The Liberal government will reveal the details of its military mission against ISIS in Iraq and Syria in a "couple of days," according to the minister of international development.

"We will be announcing our full commitment to the Middle East with Prime Minister Trudeau, the minister of foreign affairs and the minister of national defence in a couple of days," Marie-Claude Bibeau told reporters on a conference call from London.

Bibeau is among 70 delegates in the British capital for a one-day conference that's seen about $10 billion committed over several years.

The Quebec MP did not announce any new funding for Syria at the meeting, insisting her government would announce additional aid with other measures in a "holistic approach," that would include military, diplomatic and humanitarian contributions to defeat ISIS and help Syrians fleeing violence in the region.

The minister would not confirm whether details of the mission will be released before Harjit Sajjan, Canada's minister of defence, heads to Brussels for a NATO defence ministers' meeting next week.

Syrian Refugees

Canada's minister of international development Marie-Claude Bibeau shares a moment this week with a family of Syrian refugees in Jordan who are going to Canada. (Derek Stoffel/CBC)

To date, Canada has committed $650 million in humanitarian aid for people affected by the Syrian civil war and $233 million for longer-term development.

The Supporting Syria and the Region Conference was co-hosted by Germany, Norway, Kuwait and the United Nations. Aside from providing economic aid for refugee host countries, the meeting set the goal of raising enough money to ensure all refugee children are back in school by 2017. 

Since the beginning of Syria's civil war five years ago 11 million people have been displaced and 4.59 million Syrian refugees have been registered by the UN. 

'Needs far outstrip the donations'

Canada's government has done a great deal, said Nicolas Moyer, executive director of the Humanitarian Coalition, an umbrella group of five agencies. Now Canadians must play their part, he said.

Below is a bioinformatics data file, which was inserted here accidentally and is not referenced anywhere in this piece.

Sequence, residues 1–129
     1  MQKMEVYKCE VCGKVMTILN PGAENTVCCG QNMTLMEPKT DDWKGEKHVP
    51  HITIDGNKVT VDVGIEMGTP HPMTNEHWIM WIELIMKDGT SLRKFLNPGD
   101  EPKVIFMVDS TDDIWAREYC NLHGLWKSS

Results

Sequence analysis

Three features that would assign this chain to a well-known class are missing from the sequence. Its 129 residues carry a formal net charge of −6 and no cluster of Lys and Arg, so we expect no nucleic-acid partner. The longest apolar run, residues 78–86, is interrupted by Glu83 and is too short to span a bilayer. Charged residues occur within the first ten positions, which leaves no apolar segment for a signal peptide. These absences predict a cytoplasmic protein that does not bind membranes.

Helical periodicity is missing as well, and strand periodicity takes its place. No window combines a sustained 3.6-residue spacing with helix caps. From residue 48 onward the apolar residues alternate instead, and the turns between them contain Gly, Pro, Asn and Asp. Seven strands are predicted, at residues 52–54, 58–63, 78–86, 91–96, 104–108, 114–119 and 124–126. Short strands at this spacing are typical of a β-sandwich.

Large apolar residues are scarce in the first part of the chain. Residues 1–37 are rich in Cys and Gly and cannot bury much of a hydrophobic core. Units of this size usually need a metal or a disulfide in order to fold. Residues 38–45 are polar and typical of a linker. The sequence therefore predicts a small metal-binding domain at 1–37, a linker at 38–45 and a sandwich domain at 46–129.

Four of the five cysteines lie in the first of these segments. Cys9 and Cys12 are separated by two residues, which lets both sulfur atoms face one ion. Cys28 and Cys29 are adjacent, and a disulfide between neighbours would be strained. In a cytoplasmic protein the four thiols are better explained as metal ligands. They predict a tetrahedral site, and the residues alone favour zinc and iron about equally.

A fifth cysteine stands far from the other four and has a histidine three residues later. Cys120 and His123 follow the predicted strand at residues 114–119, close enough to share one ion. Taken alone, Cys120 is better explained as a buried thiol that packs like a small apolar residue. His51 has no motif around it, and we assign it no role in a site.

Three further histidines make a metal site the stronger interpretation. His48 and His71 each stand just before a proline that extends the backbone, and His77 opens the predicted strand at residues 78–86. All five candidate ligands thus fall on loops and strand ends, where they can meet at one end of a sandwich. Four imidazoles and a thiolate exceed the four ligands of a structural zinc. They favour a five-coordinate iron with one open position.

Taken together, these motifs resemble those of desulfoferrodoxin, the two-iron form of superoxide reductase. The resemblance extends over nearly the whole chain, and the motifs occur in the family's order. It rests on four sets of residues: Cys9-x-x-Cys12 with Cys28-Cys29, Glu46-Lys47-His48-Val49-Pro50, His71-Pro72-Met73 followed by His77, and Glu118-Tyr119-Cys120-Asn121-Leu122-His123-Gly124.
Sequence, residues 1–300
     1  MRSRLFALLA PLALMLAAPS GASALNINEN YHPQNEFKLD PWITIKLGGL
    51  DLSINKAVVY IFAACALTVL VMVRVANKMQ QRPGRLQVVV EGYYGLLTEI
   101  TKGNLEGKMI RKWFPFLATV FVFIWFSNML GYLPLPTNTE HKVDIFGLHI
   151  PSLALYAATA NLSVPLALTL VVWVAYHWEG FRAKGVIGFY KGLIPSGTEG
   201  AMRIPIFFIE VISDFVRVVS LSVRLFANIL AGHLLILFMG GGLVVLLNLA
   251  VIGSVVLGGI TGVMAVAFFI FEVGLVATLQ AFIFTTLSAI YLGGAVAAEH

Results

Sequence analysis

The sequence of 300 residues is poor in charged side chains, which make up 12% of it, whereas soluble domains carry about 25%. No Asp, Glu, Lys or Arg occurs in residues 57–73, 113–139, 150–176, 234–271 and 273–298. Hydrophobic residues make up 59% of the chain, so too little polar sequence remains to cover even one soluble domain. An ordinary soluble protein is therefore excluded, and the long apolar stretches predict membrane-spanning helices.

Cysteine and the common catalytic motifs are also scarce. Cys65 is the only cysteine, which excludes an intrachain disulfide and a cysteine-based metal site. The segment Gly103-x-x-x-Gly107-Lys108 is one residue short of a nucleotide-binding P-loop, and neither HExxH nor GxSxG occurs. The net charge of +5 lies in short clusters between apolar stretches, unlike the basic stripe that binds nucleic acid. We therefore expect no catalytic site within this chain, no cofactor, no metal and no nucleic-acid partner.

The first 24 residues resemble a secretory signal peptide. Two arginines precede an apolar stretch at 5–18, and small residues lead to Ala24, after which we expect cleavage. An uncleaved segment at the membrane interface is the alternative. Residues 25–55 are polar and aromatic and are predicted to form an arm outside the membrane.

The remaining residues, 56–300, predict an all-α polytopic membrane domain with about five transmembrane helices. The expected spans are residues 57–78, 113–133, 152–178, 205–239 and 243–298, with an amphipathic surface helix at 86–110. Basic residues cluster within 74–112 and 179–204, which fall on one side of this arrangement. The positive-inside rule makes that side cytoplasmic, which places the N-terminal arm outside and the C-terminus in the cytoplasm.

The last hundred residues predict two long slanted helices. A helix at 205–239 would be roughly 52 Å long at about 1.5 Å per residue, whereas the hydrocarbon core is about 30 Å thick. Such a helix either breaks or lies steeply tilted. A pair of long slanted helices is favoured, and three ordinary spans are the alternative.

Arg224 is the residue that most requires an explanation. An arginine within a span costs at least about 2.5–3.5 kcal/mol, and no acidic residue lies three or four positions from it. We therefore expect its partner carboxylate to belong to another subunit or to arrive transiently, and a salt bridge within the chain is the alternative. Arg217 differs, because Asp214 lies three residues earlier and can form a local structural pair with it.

"The reality is we are not able to fundraise ... for the Syrian crisis as much as we would like," he said. "The needs far outstrip the donations coming in, the access to resources that we have from all sources. "

Last fall, as the Syrian refugee crisis dominated headlines, the previous Conservative government committed to matching private donations to overseas aid efforts up to a maximum of $100 million. The program was to expire at the end of December, but the Liberals extended it until the end of this month.

The extension didn't result in an influx of new cash, Moyer said. Several factors are at play, he suggested, including the nature of the conflict, the domestic response to the Syrian refugee crisis and the work of humanitarian agencies themselves.

Donor fatigue setting in

"Humanitarian organizations in Canada have solicited their donor bases and those have responded in a very strong way, but after five years of engaging our constituencies and asking them for more, it's not surprising that there is, across the country, a certain apathy to the topic," he said.

"We need to be looking at working more closely together at options to engage the public in different ways."

The UN and regional countries say they need US$9 billion for 2016 alone, as the situation in the region deteriorates. Inside Syria, 70 per cent of the population is without regular access to safe drinking water and two million Syrian children haven't gone to school in years.

Bibeau is in London following trips to Jordan and Lebanon to observe the impact of Canadian aid dollars to date. She will be talking with other donor countries about what support will look like in the coming months.

Need to protect civilians 

Humanitarian and development assistance are expected to be a large part of the Liberals' plan for Canada's role in the fight against ISIS.

One theme will focus on helping countries like Jordan, Lebanon and Turkey deal with the 4.6 million people who've sought refuge since the war broke out.

Moyer said he also sees a role for Canada in helping facilitate the movement of aid in the region.

"We need to be looking at better and stronger ways to protect civilians," he said. "There is a big advocacy and diplomatic effort that needs to be done around that."

with files from The Canadian Press